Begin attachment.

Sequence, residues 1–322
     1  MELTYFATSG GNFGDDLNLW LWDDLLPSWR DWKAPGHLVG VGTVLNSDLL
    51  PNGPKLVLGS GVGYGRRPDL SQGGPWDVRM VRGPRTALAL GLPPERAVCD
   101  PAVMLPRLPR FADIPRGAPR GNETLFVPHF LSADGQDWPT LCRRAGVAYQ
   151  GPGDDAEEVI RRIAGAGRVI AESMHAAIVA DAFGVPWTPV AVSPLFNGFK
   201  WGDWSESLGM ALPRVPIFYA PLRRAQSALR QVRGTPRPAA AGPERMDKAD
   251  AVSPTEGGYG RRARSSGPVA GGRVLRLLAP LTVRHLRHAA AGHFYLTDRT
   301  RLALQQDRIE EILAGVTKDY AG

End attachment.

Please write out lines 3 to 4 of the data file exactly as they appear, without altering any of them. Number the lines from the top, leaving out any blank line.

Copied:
    51  PNGPKLVLGS GVGYGRRPDL SQGGPWDVRM VRGPRTALAL GLPPERAVCD
   101  PAVMLPRLPR FADIPRGAPR GNETLFVPHF LSADGQDWPT LCRRAGVAYQ